Does winning means it becomes a stable, safe, secure country, suitable for vacation homes like Costa Rica? Or, in the new scenario, safe for mining engineers and multinationals, another Kuwait, and, at the same time, offering equality for women? Either way, committing to, and successful at, "eliminating terrorist havens."

According to the highly touted new counter-insurgency doctrine, we can do it!

But, according to its own force ratio numbers it will take at least 250,000 troops, calculating by population, or 500,000, calculating by territory. For ten or twenty years.

The military feels that it has solved the morale problem by giving up the draft, going to a volunteer, professional army, and outsourcing as much of the non-combat functions as possible. But that leaves us short of the number of troops necessary to do the job.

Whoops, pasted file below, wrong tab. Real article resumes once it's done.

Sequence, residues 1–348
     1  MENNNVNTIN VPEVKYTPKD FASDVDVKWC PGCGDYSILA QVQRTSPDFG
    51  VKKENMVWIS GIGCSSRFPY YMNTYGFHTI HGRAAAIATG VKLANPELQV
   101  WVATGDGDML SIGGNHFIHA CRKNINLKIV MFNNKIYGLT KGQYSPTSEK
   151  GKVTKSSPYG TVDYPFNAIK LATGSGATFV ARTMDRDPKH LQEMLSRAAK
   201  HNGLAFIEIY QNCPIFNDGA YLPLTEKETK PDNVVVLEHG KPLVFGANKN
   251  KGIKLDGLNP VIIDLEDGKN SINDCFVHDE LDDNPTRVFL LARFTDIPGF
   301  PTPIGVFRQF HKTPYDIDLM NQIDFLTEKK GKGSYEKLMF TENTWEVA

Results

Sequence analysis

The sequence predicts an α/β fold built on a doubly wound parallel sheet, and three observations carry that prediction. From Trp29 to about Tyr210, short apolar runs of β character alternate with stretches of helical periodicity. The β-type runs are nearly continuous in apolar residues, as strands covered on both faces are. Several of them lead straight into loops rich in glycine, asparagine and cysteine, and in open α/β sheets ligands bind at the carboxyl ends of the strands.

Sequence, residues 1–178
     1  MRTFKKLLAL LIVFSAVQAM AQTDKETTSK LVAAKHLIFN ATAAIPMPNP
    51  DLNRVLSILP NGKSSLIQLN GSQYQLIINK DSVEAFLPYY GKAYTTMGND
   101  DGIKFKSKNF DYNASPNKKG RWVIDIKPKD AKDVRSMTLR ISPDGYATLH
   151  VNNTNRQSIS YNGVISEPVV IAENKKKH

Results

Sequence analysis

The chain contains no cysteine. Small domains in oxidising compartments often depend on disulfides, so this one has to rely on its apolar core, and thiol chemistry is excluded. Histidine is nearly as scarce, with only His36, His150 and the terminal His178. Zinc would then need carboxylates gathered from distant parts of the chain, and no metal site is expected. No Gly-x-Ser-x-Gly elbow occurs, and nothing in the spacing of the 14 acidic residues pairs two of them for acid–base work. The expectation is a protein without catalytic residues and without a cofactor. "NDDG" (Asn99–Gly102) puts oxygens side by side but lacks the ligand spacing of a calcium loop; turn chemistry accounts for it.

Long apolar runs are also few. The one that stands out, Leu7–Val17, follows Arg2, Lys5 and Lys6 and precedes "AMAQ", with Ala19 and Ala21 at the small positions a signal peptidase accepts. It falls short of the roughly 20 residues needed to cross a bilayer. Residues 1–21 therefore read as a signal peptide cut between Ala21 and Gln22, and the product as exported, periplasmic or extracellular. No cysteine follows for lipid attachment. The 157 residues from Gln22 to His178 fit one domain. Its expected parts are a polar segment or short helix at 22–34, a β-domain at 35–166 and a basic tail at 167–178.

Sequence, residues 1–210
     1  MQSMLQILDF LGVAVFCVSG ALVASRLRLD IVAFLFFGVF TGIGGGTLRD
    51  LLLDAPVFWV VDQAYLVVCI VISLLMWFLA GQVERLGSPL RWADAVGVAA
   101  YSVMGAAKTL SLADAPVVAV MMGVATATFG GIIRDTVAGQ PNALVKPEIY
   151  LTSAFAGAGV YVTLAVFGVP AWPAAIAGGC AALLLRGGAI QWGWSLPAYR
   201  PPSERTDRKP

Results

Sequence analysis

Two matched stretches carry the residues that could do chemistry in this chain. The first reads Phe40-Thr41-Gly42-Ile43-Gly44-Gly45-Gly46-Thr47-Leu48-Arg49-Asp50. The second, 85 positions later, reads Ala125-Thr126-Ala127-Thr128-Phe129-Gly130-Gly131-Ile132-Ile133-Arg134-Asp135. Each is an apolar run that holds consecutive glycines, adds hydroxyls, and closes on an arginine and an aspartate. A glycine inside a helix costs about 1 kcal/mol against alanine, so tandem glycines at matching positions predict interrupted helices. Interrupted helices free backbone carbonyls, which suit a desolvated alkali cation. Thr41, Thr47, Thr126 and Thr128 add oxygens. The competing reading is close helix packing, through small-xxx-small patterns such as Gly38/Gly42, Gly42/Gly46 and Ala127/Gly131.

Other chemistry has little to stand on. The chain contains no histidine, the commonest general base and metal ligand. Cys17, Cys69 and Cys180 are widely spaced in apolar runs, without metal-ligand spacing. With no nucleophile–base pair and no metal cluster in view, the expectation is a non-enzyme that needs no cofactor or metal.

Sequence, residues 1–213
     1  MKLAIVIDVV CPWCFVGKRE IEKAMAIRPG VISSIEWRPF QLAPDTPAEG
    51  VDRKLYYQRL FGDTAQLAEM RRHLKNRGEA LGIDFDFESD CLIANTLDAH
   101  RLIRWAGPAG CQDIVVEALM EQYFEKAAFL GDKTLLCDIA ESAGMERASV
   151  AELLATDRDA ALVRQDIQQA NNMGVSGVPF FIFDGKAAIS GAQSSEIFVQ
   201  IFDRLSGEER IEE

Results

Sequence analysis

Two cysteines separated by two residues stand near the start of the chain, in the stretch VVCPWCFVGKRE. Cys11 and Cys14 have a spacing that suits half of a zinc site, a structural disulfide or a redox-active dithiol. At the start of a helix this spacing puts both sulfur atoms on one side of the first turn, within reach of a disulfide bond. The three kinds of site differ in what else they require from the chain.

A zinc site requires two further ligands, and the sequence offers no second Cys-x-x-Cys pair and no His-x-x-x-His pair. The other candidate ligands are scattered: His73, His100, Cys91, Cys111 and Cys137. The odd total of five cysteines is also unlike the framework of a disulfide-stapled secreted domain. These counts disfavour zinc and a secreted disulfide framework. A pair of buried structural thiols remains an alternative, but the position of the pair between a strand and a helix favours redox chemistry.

That's still presuming we can somehow find leaders less ostentatiously corrupt, less flagrantly inept, and still pro-American.

It's tough to rebuild and modernize a country. We couldn't do it in Iraq. When there are large sums of money thrown at a problem there are always greedy hands grabbing for it. In Iraq, under Paul Bremer's administration, more than twenty billion dollars simply disappeared and almost every contract they entered into was questionable. So, it's a very neat trick if you can do it.

It's a strange war.

The initial goal was to get Osama bin Laden. Plus his chief lieutenants. And Mullah Omar for having the chutzpah to harbor him.

We never did that. Then the war became something else. No one is quite sure what.

One thing we do know for sure. Osama bin Laden's goal. It was to get America stuck in a quagmire in Afghanistan.